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Allied America Steel Corp. Makes An AAST Of Investors

June 28, 2011: Schemers are constantly in flux, moving from one play to another sometimes one step ahead of the law, and sometimes to escape a scheme before it blows up.  Such is the case with Jason "Jes" Black's newest venture, Allied American Steel Corp.

Black purports to sport a seemingly impressive resume.  Unfortunately there's more (or less, depending on how you look at it) to this resume than meets the eye.  Most recently he dedicated an entire year to the water filtration business in Los Angeles until he decided that it wasn't
going to be easy money for him.  He then abandoned his partner supposedly to go into the iron ore mining business.  We think he's in the Pump & Dump business.

The AAST management review portion of its website neglects to mention Black's Los Angeles failure, instead choosing to portray him as the person who "represents the combined experience essential to leading American Allied Steel: business economics, market analysis and response, raising capital, asset acquisition and development, and directorship and executive management."  The website forgets to mention that Mr. Black also represents a figure who does not play by the rules and thus the perfect figure to execute a Pump & Dump.

Prior to his flirtation with water filtration, Black ran a little scam called Black Flag Capital.  The AAST website does recognize his time at Black Flag, well sort of, referring to it as "New York's BF Capital".  For the record, BF Capital is a legitimate firm in New York.  Black Flag Capital was not.  The AAST also refers to Black's roles at BF Capital as being Asset Manager and Managing Director.  This is kind of true, although the roles were played at Black Flag not BF and his role also included janitor, as Black Flag was a one man show.  The laughable sentence in the whole paragraph about Black is the one which claims that, "Over the four years with the alternative asset management company, he never had a down year."  Oh really?  Well then why is Black Flag out of business?  Let's look at that.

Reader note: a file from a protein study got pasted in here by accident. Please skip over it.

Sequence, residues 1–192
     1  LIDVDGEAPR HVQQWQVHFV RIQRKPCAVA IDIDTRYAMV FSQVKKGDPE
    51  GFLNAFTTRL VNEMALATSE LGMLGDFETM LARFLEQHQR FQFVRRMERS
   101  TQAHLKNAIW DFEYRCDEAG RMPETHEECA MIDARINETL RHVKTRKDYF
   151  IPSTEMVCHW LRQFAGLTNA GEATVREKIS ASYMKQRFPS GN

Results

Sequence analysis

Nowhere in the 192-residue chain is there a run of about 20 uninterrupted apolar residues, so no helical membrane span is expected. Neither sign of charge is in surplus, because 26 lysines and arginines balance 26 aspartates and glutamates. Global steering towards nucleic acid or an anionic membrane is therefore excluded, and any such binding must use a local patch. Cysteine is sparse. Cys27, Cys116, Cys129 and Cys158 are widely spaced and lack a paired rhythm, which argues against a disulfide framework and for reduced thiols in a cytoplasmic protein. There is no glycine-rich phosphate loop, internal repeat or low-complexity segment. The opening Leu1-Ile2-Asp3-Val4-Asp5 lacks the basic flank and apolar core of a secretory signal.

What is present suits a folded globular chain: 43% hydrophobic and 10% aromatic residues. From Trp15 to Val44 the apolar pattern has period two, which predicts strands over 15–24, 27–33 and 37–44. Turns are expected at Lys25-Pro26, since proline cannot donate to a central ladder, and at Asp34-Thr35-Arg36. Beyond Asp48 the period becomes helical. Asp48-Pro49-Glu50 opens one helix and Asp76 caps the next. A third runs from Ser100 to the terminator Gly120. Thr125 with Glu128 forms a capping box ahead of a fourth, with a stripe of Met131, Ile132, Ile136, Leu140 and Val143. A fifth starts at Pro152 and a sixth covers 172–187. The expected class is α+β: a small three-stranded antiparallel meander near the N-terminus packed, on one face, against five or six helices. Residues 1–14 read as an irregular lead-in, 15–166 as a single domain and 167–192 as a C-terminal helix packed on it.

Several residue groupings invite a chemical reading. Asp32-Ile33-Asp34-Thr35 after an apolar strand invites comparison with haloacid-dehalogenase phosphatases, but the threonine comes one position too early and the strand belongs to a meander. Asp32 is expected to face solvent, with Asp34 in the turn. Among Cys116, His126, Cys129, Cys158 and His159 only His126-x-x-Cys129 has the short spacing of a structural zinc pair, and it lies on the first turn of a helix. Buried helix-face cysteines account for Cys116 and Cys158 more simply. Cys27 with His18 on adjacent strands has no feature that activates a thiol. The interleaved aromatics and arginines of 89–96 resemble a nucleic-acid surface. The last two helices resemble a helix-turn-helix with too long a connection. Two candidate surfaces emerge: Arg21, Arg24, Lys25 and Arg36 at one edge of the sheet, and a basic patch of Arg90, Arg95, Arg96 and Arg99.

In September of 2007, the National Futures Association (NFA), which is the regulatory organization for the U.S. futures industry, filed a complaint against Black Flag Capital and Jason Black for numerous violations of its rules.  Amongst the allegations in the NFA's complaint are that Black misrepresented the location of its offices in effect suggesting that no offices for Black Flag existed.  The NFA also charged that Black had either misrepresented it's assets by 6200% or misappropriated those assets, of which neither scenario would have been acceptable.  The NFA also accused Black of failing to cooperate with its investigation, filing false disclosure statements, and failing to file financial statements.  As Black Flag and Jason Black were such small potatoes, the NFA accepted a suspension of their membership as retribution for their malfeasances.

Curiously, the AAST website also refers to Black's experience as a Senior Currency Analyst at MG Capital, LLC a now defunct New York firm seemingly similar in nature to Black Flag.  The problem here is that the NFA, to which membership is mandatory, only lists Black as having spent a month at MG Capital, never having progressed beyond a temporary license.  Hmmmmmm.